In the late 1970s, John Abercrombie saw the writing on the wall and was determined not to be just another guitarist with chops. He turned to some very talented colleagues and emerged with three strong albums, collected in a new box.
As the 1970s came to a close, jazz fusion was running its course and John Abercrombie, a self-acknowledged John McLaughlin clone, was really coming into his own. His journey had really begun when he’d signed to ECM in 1975 for the Timeless LP, but by late 1978, when he took to the studio with old Berklee College of Music pals George Mraz (bass) and Peter McDonald (drums), plus pianist Richie Beirach, he was about to set down a series of records that would further establish him in the world of jazz. They also remarkably sound new today, more than 35 years after their release.
Handsomely bound in a box by the world class ECM label (which was also responsible for the first issue of each), Arcade (1979), Abercrombie Quartet (1980) and M (1981) feature superior compositions from Beirach and Abercrombie and even Mraz on a few occasions. Abercrombie was still a budding composer at this point, having really only begun writing in earnest a few years before. That’s somewhat surprising given the excellent material he wrote for Arcade, namely the title track and the equally impressive “Paramour”. The latter doesn’t just open the album; it also sets a kind of tone for the recordings that are to come.
Abercrombie’s command of his instrument and the quartet’s command of the material is immediately apparent. He’d been playing with the mandolin guitar as well as some accomplished acoustic material that influenced the proceedings here. Listening to this, you’d be hard pressed to hear a guy who was as deeply ensconced in the hallowed halls of fusion; this is closer to the vision Abercrombie was developing for himself and for his band. And, for the most part, the role of the band is clear throughout.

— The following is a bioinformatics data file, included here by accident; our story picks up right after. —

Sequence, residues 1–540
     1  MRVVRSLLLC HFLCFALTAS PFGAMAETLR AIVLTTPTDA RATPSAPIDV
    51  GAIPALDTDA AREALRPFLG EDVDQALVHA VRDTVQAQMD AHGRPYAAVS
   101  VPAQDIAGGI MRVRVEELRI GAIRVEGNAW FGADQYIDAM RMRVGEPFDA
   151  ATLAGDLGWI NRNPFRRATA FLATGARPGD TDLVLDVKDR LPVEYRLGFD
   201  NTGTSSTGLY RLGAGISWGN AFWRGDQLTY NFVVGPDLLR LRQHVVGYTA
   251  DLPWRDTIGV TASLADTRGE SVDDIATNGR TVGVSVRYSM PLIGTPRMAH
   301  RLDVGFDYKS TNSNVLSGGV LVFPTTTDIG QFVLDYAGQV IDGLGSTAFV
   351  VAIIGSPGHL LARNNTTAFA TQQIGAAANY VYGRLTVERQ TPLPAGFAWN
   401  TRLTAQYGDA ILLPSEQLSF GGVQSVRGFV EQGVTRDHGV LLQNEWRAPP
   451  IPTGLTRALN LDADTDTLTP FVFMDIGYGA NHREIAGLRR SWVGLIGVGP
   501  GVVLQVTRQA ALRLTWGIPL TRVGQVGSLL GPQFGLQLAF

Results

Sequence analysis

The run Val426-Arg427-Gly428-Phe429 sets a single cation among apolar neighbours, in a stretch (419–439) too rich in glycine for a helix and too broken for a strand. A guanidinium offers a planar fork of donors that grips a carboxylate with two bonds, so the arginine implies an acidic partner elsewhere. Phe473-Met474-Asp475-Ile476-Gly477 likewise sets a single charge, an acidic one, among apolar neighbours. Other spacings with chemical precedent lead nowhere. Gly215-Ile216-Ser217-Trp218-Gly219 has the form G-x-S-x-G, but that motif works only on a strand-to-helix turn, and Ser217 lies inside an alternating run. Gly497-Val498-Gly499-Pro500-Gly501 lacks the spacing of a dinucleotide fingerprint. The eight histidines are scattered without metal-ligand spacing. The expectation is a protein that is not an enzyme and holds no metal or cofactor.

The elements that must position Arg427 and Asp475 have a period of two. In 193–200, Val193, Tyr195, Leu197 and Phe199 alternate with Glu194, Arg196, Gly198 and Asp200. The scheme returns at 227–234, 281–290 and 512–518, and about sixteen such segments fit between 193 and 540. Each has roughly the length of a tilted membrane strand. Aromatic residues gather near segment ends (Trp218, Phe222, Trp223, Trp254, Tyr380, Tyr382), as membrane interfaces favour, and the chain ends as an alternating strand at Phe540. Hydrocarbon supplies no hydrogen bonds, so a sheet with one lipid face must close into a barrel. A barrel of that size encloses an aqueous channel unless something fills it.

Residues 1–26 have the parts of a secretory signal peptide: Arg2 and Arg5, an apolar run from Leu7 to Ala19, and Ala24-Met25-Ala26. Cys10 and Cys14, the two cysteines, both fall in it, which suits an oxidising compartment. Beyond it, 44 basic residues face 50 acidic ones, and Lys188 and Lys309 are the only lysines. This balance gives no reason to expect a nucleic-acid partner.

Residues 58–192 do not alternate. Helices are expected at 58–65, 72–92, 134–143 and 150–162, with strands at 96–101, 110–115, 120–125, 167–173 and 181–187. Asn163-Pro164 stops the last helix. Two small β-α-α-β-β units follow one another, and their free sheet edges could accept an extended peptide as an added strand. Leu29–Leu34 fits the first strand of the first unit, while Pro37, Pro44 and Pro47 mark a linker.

There are some whispers of a tentativeness to the Arcade sessions and without a doubt, a group of players about to make their debut would have to spend some time sniffing each other out. But that doesn’t come across as the dominant impression of the record. Instead, it’s a largely relaxed and mostly confident affair that perfectly sets the template for the sophomore release.
There, “Blue Wolf”, “Dear Rain” and “Foolish Dog” provide glimpses of Abercrombie’s continued evolution as a composer and his adeptness with crafting melodies and capturing moods. Beirach is also credited with three numbers, including the nine-minute “Madagascar”, which is really his best work here and maybe the best work from the whole unit. That was a precious balance the group struck here and that they were sensitive to each other in the laying process is one of the things that makes this the best album of the three.
M suffers somewhat when you compare it to its predecessors and maybe some of that falls on the sequencing. The record opens with three white hot numbers (Abercrombie’s amazing “Boat Song” and the title track plus Beirach’s “What Are The Rules”), then meanders its way through the rest, closing with Mraz’s “Pebbles”. Taken individually, these are still strong compositions and the playing is still stellar more often than not, but the record never hangs together as well as it might have otherwise.
Collecting these here together for the first time, listeners can get a real sense of the incredible journey this unit embarked on in that time. Stellar liner notes from John Kelman and ECM’s trademark packaging make this an experience worth having.